John Prine, March 3, Tennessee Theatre.
Ok, Ok, so it's an old photo. From the 2005 Asheville show, to be precise. But the ones I took with my telephone, uh, um....well, they suck. And I think this one is so bad, it's cool. He is some kind of demon fire god. In the most polite way possible.
I got our tickets through an online presale via the John Prine Shrine, thanks to my Good But Anonymous Buddy who pays attention to these things. The deal with their presale is you are guaranteed seats in the first 6 rows, but you can't pick up your tickets until one hour before the show. Because I am never early (and really, isn't being early just as rude as being late?), the opening act was already onstage when we arrived. I showed the girl at Will Call my Sam's Club card because I could not find my license and read PT104. Oh, fuck. We're on row P, which is not in the prescribed first six rows. I regained my composure and looked again. It says Orchestra. Oh, fuck! We're in the Orchestra Pit!! I wait very impatiently for a beer and run to the nearest usher with my ticket, heart beating wildly, I'm beginning to sweat. She looks at the ticket and doesn't have a clue where. Oh, fuck. Maybe we're upstairs. Another usher grabs the ticket, peers at it intently and positively puffs up. He marches us with pomp and circumstance to the stage and points to the very front row. We are center. Dead center. John Prine will be standing 10 feet directly in front of me.
I wait to be escorted back to the plebian horde. There are four empty seats beside me and one by one they fill up (with brothers! hey to you all if you see this!). Each time a brother comes to take a seat, I expect to get thrown out. I have never been front row anywhere for anything and this is possibly the most amazing musical moment of my life. There is no massively huge or tall person in front of me. I will not have to play Bob & Duck all night. I will have an unobstructed view of John Prine. 10 feet away. Twelve o'clock.
I hope he's not a spitter.
The opening act was a lady named Minton Sparks, and I want to apologize to her for walking in on her second to last song. Only they're not songs exactly, being spoken but accompanied by guitar. It was kind of hillbilly poetry slam meets performance art. Interesting but peculiar. A long, long, eternal damnation kind of wait ensues as she exits stage right. The lights come up, the roadies come out and start placing bottles of water everywhere, bringing more and more guitars and mandolins and a stand up bass (which is also orchestrally known as a double bass according to #1 son, who was also present but sitting with the riff raff in row F). Should've done a drink/bathroom run, but I was afraid to leave. Really!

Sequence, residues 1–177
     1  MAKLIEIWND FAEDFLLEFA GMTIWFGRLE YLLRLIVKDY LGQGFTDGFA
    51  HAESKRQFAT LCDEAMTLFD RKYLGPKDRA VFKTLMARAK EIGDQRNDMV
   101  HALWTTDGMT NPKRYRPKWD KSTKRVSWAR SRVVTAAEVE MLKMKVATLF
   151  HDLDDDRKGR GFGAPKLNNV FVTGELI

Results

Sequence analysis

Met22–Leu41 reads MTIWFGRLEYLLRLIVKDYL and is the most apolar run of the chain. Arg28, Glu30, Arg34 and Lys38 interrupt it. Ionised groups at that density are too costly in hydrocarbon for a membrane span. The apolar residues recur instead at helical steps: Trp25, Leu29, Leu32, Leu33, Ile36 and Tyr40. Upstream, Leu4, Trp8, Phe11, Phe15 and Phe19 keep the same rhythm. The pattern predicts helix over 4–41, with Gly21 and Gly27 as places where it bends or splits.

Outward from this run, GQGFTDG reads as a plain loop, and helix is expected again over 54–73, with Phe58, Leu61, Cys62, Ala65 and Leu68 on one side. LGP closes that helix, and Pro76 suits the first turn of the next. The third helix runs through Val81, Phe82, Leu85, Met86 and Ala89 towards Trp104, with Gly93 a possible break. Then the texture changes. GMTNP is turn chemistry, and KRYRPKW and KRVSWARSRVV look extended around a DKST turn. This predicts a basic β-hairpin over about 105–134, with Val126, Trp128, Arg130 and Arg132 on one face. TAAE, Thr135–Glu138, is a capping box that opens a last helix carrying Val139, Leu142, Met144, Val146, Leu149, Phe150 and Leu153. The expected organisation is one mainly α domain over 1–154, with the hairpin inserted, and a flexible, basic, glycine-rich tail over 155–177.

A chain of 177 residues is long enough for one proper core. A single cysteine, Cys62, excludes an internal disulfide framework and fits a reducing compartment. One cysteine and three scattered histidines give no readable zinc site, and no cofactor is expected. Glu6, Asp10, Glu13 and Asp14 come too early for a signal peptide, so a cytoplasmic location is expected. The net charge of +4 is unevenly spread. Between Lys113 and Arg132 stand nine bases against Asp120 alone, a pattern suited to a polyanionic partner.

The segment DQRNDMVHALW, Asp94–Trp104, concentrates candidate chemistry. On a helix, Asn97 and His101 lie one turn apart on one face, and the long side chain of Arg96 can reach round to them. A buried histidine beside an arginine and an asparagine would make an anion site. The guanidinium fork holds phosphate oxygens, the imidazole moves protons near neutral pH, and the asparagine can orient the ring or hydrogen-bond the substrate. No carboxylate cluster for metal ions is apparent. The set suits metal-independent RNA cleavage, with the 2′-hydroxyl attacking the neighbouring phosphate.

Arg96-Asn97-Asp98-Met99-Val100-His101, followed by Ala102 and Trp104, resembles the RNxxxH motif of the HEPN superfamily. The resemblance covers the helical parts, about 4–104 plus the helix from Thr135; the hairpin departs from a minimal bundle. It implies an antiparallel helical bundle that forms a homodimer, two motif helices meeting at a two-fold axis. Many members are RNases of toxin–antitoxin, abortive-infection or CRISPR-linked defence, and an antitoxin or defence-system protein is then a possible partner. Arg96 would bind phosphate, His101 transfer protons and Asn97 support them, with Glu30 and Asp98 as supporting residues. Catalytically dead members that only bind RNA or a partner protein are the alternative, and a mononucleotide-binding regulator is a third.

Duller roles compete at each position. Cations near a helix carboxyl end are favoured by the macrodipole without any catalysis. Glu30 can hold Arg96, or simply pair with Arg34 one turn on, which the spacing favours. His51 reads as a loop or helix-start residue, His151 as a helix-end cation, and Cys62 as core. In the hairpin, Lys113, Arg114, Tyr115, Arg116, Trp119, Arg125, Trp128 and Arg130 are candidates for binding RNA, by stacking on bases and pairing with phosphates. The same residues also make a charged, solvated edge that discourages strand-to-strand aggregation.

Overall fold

Finally, the lights go down and there it is. The moment I've been waiting for - face to face with JP, and he's throwing down a raucous version of Your Flag Decal Won't Get You Into Heaven Anymore. If you thought maybe he'd become sedate and conservative in his golden(ish) years, you thought wrong. In April, it was a 'cowboy from Texas' who started his own war with I-raq. In a post-Katrina America, it was 'that asshole from Texas,' and that, I am happy to note, brought a wave of cheers across the beautiful Tennessee Theatre. Mr. Prine played all the 'hits' - not that he has any, but the Ones People Expect: Sam Stone, Grandpa Was A Carpenter, Paradise, Hello In There, Dear Abby. It was often a mammoth singalong. He played The Most Perfect Song EVER, dedicating it to his Ma. The beginning of it makes me think of rain drops running down a windowpane, all cold and lonely and warm and tender, all at once, the absolute sound of bittersweet, and I hear it and I swear I have tears in my eyes. John Prine is singing Souvenirs 10 feet in front of me. It. Was. Amazing. He has fat stubby hands like Elvis, so it gives me hope: one day, maybe, I can get my stupid fingers to make that sound. He played Crazy As A Loon, and dedicated it to One Bullet Barney, a/k/a Don Knotts. He did some Jed Clampett dancing during Bear Creek Blues. I didn't think he could spit after the cancer/radiation thing but he did drop a few wads here and there. Ain't Hurtin' Nobody hit a big fat groove and just went on and on and people should've got up and danced, but nobody did. I heard some concertgoers were taken aback by folks shouting out requests - I don't think it was a problem for Mr. Prine. And I don't think you go to a John Prine concert to sit in respectful silence. He's not that kind of demon fire god.
The band was incredible. Mostly playing mandolin but sometimes on guitar was Pat McLaughlin, who brought a Conehead sensibility (and by that I don't mean that he's strange looking, but that he seems like he's from another planet, a very FUN planet) and some Johnny Rotten punkish/impish fun to the proceedings. Mostly on electric guitar, but sometimes on mandolin and harmonica was Jason Wilbur, who should smile more - and I hate saying that because I was always told that as a child. On that stand up bass was Dave Jacques, who has no web presence, but lots and lots of soul. I know Jason and Pat added some vocals, as well, but I'm not sure about Dave. John Prine was blocking my view.
Damn, it was good to be there.